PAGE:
We diagnosed nail lichen planus in 15 children younger than 12 years, including 10 children with typical nail matrix lesions, 2 children with 20-nail dystrophy (trachyonychia), and 3 children with idiopathic atrophy of the nails. Only 2 of the 15 children had oral lichen planus; none had cutaneous lesions. A nail biopsy confirmed the diagnosis in all cases.
Intramuscular triamcinolone acetonide, 0.5 to 1 mg/kg per month, was prescribed to children with typical nail lichen planus and prolonged from 3 to 6 months until the proximal half of the nail was normal. No treatment was prescribed to patients with 20-nail dystrophy or idiopathic atrophy of the nails.
Treatment with systemic corticosteroids was effective in curing typical nail lichen planus. Two children experienced a recurrence of the disease during the follow-up. Recurrences were always responsive to therapy. The 2 children with 20-nail dystrophy improved without any therapy. Nail lesions caused by idiopathic atrophy of the nails remained unchanged during the follow-up period.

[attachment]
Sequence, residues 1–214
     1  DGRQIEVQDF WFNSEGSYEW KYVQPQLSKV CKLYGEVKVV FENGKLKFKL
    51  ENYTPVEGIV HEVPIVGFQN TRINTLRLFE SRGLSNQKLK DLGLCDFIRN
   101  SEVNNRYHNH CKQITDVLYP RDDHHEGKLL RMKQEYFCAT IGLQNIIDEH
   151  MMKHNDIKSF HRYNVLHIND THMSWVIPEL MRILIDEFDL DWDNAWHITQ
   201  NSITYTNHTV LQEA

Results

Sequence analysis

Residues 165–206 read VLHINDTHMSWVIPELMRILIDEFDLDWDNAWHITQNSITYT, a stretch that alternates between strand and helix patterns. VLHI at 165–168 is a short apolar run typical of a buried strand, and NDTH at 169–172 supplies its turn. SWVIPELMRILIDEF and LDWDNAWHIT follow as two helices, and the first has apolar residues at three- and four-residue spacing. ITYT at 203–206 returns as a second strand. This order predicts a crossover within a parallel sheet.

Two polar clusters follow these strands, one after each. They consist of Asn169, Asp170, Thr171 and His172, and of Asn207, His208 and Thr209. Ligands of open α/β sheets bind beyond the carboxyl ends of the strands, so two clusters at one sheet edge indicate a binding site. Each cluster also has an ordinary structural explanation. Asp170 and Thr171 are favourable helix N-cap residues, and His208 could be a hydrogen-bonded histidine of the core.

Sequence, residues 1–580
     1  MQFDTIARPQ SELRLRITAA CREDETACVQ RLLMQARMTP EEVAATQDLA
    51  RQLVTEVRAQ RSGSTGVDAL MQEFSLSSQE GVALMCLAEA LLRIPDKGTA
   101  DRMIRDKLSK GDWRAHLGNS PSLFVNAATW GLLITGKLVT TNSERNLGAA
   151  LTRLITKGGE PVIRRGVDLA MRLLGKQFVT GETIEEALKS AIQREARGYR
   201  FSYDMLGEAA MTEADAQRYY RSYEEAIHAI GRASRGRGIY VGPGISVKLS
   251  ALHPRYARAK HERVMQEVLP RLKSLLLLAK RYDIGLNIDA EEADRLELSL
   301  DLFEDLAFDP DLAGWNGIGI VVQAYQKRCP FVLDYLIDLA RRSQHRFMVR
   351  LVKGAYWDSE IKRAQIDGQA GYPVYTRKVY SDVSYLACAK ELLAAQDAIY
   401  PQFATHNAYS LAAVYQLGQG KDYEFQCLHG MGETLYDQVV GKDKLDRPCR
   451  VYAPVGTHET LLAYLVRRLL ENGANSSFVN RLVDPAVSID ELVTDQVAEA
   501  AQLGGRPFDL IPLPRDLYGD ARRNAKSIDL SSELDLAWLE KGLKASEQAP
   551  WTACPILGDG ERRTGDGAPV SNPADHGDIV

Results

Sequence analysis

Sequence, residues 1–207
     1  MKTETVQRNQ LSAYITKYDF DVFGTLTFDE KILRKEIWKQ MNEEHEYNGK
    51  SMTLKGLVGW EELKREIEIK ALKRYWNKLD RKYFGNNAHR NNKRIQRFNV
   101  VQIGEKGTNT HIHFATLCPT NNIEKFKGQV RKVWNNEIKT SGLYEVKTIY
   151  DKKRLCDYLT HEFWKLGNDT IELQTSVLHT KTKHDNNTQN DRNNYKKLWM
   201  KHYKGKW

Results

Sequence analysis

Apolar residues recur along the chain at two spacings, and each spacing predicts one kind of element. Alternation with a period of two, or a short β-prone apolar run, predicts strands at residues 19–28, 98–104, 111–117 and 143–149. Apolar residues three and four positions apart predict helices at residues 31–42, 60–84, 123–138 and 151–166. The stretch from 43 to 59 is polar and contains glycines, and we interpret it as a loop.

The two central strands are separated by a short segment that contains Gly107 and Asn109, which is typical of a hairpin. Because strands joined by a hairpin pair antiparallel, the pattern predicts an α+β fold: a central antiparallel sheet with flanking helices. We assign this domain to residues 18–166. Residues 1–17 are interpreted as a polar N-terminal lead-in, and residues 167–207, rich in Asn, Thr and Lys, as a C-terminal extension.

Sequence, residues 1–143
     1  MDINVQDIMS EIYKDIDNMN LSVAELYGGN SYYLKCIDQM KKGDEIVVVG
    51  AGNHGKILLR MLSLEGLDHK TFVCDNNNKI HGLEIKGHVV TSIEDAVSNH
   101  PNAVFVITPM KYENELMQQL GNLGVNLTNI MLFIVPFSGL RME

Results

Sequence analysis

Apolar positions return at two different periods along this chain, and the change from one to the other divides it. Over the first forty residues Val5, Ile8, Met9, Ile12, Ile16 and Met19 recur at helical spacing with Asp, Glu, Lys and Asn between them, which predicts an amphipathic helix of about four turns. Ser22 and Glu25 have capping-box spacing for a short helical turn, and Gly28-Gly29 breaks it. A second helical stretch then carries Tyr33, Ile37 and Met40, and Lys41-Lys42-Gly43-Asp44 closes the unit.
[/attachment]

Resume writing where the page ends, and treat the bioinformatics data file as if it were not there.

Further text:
Nail lichen planus in children is not rare but probably underestimated. It often presents with atypical clinical features such as 20-nail dystrophy or idiopathic atrophy of the nails.
NAIL LICHEN planus (NLP) is considered very rare in children, with only 15 biopsy-proved cases reported in the literature, most as single case reports.1-11 This number drops to 7 cases if we only consider children with typical NLP and not children with NLP producing atypical clinical features, such as 20-nail dystrophy1,4,6,10 or idiopathic atrophy of the nails.2 Our experience, however, indicates that NLP in children may not be that rare.